• rules specific to C. These rules are identified by the prefix "C".
  • rules specific to assembly language. These rules are identified by the prefix "A".

Each part is composed of rules applicable to comments and declarative parts, followed by rules applicable to executable instructions.

7.2.        GENERAL RULES

6.2.1.7.2.1.      General rules: Comments and declarative parts

No.

General Rules: Comments and Declarative Parts

G-1

Use a standard header for each module and subroutine.

G-2

Use explicit identifiers.

G-3

Limit subroutines to 150 lines.

G-4

Comment all data and parameters declarations.

G-5

Comment source code instructions using the following principles:

 

-      comments that should be coherent with the code,

-      one comment for each block of significant instructions and for each complex decision,

-      use non-trivial comments, i.e. comments that add something as compared to simply reading the code,

-      comments for the abnormal ends of modules.

 

G-6

Aliasing forbidden.

6.2.2.7.2.2.      General Rules: Instructions

No.

General Rules: Instructions

G-7

Use a single entry and single exit point for each subroutine.

G-8

Do not use recursive structures.

G-9

Limit the nesting of control structures (less than five levels).

G-10

All instructions should be reachable by executing the code (no dead code).

G-11

Do not use literal numerical values in the source code (except for trivial values).

G-12

Do not declare unused variables/constants.

G-13

Initialise each variable before use.

G-14

Limit the use of pointers.

G-15

Limit the use of interruptions.

G-16

Branch in the loops forbidden.

G-17

Recursivity, if employed, should be explained in detail.

7.3.       RULES FOR CODING IN C

6.3.1.7.3.1.      Rules for coding in C: Comments and declarative parts

No.

Rules for coding in C: Comments and declarative parts

C-1

Define the upper limit of each array with a symbolic constant (the lower limit is implicitly set to 0 in C).

C-2

Test the limits of arrays when performing operations on array indices in order to avoid violating the array size limitations.

C-3

Indent the source code in relation to the nesting of control structures.

C-4

Characterise each array.

C-5

Initialise arrays when they are declared.

6.3.2.7.3.2.      Rules for coding in C: Instructions

No.

Rules for coding in C: Instructions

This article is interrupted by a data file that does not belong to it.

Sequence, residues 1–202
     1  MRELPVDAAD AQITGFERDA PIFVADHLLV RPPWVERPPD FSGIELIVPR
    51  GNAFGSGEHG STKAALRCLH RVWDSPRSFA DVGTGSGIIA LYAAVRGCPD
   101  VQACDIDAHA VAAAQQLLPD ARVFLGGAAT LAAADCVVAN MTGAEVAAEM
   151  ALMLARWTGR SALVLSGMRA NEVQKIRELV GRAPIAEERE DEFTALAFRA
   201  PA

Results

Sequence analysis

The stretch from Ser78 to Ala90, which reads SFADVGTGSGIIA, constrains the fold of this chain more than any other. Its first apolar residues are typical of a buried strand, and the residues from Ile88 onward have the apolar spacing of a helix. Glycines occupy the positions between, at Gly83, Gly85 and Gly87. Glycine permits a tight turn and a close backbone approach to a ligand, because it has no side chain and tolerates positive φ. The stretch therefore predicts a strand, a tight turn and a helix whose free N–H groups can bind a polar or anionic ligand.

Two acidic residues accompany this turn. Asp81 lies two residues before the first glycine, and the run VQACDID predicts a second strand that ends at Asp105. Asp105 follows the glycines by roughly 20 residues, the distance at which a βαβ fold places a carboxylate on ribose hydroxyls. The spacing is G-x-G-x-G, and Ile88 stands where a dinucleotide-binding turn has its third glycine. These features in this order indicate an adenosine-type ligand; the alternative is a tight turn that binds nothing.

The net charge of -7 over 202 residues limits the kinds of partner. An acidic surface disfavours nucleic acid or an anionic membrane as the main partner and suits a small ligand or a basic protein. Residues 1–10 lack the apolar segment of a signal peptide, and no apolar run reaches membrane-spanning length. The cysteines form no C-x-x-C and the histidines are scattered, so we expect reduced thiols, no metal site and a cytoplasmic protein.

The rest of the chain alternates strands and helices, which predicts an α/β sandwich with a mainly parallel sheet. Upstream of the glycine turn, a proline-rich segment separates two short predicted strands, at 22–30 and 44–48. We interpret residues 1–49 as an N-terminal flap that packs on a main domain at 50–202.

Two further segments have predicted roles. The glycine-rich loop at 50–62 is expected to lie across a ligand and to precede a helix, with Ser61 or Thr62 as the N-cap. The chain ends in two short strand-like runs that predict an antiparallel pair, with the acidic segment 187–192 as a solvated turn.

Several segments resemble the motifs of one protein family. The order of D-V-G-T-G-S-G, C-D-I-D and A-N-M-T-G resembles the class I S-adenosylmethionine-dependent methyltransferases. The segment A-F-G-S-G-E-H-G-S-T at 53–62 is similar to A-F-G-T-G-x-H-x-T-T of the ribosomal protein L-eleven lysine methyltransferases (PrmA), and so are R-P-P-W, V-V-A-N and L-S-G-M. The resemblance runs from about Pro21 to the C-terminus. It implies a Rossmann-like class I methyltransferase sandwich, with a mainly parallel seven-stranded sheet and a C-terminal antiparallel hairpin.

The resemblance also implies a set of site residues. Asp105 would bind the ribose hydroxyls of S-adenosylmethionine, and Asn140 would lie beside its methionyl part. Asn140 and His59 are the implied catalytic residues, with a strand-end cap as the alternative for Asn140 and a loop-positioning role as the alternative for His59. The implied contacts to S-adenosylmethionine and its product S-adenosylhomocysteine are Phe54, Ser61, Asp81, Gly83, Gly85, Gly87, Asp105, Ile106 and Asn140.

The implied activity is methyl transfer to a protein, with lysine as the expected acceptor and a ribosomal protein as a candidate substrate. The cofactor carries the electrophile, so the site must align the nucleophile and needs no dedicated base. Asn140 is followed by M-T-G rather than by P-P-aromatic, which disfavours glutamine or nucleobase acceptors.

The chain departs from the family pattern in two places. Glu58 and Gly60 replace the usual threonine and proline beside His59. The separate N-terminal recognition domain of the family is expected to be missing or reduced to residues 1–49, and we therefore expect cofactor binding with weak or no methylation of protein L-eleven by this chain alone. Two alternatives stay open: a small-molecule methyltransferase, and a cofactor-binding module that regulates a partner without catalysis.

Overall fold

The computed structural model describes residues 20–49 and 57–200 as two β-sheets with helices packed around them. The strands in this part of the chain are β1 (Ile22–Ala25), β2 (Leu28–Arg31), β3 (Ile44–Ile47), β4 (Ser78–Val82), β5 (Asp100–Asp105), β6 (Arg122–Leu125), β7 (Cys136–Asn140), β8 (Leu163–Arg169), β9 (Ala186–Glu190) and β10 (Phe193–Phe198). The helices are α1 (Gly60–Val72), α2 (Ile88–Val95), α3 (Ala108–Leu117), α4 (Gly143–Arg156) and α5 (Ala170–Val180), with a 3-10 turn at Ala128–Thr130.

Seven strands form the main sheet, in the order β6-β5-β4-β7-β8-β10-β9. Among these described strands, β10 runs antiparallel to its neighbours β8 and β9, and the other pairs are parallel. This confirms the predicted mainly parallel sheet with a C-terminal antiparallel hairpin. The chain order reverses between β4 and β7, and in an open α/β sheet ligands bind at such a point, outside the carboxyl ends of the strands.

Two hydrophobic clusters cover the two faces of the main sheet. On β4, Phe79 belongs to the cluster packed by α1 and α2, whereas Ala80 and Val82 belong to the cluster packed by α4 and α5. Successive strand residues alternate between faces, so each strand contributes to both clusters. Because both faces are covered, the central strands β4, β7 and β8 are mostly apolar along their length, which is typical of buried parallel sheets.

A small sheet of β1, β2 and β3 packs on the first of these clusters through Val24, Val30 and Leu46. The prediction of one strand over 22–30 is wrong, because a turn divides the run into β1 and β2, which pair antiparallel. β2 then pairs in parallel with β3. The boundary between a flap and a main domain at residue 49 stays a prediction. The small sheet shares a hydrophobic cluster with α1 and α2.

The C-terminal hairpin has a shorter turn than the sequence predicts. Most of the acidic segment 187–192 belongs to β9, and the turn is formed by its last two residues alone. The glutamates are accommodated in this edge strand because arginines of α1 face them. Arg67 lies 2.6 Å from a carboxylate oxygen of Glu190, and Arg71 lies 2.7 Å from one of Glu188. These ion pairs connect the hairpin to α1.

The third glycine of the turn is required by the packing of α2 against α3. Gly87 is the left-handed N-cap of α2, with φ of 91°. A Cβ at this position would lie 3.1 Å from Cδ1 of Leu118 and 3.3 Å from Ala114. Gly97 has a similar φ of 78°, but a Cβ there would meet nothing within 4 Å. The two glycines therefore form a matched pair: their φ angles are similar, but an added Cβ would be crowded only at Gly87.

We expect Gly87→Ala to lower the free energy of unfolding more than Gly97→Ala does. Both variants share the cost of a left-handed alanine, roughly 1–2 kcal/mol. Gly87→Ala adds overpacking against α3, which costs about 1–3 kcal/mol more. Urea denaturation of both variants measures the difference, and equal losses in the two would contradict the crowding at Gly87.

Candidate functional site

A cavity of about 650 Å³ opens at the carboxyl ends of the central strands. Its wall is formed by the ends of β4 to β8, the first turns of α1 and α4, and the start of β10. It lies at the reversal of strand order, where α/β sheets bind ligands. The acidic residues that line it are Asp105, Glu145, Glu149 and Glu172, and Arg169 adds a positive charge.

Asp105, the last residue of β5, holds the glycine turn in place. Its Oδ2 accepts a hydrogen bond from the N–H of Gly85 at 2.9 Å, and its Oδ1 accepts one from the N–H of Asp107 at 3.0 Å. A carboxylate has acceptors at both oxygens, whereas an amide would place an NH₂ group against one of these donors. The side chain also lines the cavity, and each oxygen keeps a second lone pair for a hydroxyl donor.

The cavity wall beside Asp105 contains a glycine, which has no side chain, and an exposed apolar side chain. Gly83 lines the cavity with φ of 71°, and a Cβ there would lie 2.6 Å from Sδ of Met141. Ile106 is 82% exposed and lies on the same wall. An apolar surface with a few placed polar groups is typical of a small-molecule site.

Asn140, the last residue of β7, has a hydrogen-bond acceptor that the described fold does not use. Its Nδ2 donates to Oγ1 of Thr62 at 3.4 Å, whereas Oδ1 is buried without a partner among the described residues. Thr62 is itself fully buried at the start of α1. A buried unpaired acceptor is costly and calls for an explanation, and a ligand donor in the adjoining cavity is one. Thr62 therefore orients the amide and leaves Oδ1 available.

C-6

Explain each conversion of type (casting).

C-7

Transfer data using only parameters.

C-8

Do not transfer expressions in function calls.

C-9

Do not redefine imported data locally.

C-10

Reserve the use of the "static" clause in a C function to state variables.

C-11

Set a feedback test on the code returned from each function.

C-12

Limit the data exported by a C module.

C-13

Expressions should be independent of the order in which they are evaluated. Do not use "++" or "--" in complex expressions.

C-14

Do not use "!=" and "==" instructions for real numbers.

C-15

Set the end of the programme (if it exists) in the main programme, and only with an exit statement.

C-16

Do not perform any assignments in Boolean expressions.

C-17

Limit the use of "goto" to the treatment of errors.

C-18

Limit the use of "continue" or "break" instructions. Use at most one "continue" or one "break" per loop.

C-19

Do not modify the counter of the "for" loop in the body of the loop.

C-20

Use the "sizeof" instruction whenever possible.

C-21

Forbid the use of dynamic allocations ("malloc" calls)

C-22

By default, reserve the treatment of a "switch" to the treatment of errors.

C-23

Associate a "default" to each "switch".

C-24

Terminate all cases of "switch" by a "break".

7.4.       RULES FOR CODING IN ASSEMBLY LANGUAGE

6.4.1.7.4.1.      Rules for coding in assembly language: Comments and declarative

No.

Rules for coding in Assembly language: Comments and declarative parts

A-1

Define the modes of use of all registers.

A-2

Define the mode of representation of the different types of variables.

A-3

Define the internal representation of the Boolean operators TRUE/FALSE

A-4

Define the mode of representation of negative integers.

A-5

Define the initialisation of the registers.

A-6

Define the mode of called parameter transfer: stack or register.

A-7

Comment all tests carried out.

A-8

Comment logic masks.

A-9

Comment branch points.

A-10

Comment indirect addressing operations.

 

[1] Guide to EVALUATING software quality and safety requirements

STSARCES Project - WP 1.2 / Aspect 2 – Final Report - INRS – Fev 2000